E-cigarette popularity leading to spike in liquid nicotine poisonings























SEATTLE -- E-cigarettes are sold as a safer alternative to tobacco. But Washington state is seeing a spike in poisonings from liquid nicotine, and young children are especially at risk.

Close to a dozen children have been taken to the emergency room in the last year, because they either ingested or were exposed to liquid nicotine. None of those cases were fatal, but experts say parents need to beware.

Nick Dirk has only tried e-cigarettes a couple times. But he understands why so many smokers are making the switch.

“You still have the fixation with the hand to mouth and the smoke and what not,” he says.

Some people also think vaping is safer than traditional cigarettes. But local smoke shop employees say e-cigarettes do have their own health risks.

“The nicotine isn't like it is in the cigarette, it's liquid,” says Alecia Dierick. “It’s still toxic and harmful to you, do not ingest it at all because ingesting it will harm you.”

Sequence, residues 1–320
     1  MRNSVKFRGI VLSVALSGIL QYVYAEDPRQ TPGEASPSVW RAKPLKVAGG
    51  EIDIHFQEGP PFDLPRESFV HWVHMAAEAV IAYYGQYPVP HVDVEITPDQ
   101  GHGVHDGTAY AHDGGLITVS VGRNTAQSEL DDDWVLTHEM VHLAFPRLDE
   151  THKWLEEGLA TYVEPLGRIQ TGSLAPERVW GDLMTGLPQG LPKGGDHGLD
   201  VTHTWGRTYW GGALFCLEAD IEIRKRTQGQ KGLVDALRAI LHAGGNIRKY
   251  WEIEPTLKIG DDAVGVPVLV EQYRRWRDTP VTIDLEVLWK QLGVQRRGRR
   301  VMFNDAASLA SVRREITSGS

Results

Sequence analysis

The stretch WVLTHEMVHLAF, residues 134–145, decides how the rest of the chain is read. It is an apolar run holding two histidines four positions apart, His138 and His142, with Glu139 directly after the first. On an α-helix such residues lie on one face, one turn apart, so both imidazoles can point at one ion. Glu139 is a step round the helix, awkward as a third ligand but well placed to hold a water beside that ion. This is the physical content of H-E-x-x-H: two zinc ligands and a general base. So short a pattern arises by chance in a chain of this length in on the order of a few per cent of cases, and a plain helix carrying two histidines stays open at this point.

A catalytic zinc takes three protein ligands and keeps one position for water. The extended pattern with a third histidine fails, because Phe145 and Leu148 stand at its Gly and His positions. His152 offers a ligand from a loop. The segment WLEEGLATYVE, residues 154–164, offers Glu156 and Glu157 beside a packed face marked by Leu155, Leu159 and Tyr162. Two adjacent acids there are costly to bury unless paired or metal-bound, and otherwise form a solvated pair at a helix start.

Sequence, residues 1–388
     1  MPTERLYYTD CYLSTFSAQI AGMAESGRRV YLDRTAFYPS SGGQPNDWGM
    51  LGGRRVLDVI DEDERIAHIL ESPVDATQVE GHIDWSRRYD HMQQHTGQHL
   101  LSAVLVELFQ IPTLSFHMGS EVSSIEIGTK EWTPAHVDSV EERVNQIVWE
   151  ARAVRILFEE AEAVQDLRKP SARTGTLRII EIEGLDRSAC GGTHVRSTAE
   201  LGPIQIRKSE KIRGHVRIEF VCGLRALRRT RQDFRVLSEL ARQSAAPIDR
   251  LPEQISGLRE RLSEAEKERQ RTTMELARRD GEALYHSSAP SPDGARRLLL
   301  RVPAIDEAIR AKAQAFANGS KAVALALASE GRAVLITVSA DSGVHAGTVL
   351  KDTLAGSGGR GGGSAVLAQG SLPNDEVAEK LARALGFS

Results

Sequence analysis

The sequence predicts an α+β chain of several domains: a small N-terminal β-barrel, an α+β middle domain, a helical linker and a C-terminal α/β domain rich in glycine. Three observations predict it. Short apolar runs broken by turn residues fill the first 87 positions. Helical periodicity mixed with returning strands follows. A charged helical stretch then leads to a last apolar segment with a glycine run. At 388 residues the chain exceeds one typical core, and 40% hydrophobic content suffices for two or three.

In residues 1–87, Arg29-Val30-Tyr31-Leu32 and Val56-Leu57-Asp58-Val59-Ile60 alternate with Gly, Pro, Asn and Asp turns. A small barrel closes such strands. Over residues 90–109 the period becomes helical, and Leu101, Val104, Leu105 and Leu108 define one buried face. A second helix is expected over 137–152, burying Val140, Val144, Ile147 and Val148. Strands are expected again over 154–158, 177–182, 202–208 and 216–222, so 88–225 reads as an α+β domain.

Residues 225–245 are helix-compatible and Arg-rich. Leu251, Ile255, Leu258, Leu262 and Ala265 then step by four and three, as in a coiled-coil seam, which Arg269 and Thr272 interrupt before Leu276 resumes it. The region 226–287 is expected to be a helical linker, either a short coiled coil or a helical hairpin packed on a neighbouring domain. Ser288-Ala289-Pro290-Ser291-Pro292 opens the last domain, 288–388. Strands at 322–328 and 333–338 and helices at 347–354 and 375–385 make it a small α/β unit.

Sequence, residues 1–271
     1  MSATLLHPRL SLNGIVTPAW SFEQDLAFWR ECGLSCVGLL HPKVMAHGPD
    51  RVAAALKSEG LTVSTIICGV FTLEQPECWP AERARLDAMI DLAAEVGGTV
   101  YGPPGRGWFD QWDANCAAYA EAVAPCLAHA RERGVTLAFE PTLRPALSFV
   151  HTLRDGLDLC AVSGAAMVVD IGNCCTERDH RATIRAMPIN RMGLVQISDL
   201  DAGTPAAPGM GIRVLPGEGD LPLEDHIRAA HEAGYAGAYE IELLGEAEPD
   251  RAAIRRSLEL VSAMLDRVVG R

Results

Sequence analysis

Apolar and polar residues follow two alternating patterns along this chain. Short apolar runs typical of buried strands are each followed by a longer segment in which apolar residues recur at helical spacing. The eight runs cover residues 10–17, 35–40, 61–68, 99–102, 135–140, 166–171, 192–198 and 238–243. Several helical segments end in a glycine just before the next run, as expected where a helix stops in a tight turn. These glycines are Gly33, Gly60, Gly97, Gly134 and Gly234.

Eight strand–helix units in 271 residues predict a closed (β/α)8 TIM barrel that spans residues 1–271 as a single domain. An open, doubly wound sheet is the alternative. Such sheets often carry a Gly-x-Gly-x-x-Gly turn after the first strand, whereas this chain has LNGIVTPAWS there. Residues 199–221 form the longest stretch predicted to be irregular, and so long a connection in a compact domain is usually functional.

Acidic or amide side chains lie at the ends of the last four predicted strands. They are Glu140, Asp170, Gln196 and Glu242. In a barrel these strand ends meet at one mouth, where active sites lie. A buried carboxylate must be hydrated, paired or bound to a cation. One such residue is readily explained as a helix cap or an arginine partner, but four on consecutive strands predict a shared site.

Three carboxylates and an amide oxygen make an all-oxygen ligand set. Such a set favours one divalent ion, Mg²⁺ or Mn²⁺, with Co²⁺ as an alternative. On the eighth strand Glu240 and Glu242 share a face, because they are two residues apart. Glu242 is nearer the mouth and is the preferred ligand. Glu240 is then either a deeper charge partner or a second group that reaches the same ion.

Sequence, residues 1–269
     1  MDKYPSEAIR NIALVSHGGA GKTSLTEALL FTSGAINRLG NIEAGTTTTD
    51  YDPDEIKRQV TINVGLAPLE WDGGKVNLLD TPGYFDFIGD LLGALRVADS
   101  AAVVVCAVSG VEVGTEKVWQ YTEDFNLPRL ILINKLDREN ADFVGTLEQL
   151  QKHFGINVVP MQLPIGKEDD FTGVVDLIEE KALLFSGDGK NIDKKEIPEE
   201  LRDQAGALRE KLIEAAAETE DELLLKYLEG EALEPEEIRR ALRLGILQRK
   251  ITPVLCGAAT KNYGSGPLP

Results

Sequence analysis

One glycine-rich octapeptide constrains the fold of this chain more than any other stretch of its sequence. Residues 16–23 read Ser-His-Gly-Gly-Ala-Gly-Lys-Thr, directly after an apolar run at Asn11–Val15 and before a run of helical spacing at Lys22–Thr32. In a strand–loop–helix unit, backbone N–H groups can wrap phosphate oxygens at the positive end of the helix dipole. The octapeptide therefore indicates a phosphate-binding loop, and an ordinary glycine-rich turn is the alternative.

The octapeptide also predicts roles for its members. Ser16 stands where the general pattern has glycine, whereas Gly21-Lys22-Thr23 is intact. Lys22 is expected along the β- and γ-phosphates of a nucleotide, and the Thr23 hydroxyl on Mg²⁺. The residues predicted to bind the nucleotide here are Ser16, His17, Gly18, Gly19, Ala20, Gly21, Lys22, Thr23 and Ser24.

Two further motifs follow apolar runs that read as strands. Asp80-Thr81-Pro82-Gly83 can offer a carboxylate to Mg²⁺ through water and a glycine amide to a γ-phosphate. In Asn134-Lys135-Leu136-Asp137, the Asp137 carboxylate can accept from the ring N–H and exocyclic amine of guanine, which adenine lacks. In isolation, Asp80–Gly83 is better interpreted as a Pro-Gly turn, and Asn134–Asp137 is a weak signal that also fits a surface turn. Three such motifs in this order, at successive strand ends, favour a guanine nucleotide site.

Touching the liquid can also be harmful, especially for children.

“They’re not little adults. Their skin is much thinner than adults,” says Jim Williams, the executive director for Washington Poison Center. “Their systems, their heart rates, all those things are working much faster than ours. So if they absorb something, it happens and it happens quickly.”

The Washington Poison Center says calls about e-cigarettes are steadily increasing.  They got 108 in the last ten months, compared to 44 the year prior. More than 60 percent of the most recent cases involved children under the age of 6.

“When it was simply the device, the cartridge itself, it was a little more difficult for a child to get into that,” says Williams. “But with the refillable liquid, what we're seeing is there's no child proof caps on this stuff.”

Dirk isn’t really surprised to hear kids are trying to get their hands on the vaping liquids.

“It kind of makes sense, because a lot of the flavors are sweet or candy flavors. So I’m sure kids would think they could eat it, because when you smell it, it smells like candy.”

Poison control says if you use e-cigarettes, put all of your cartridges and liquids out of reach of children. They also suggest looking for the brands that come with child proof lids or containers.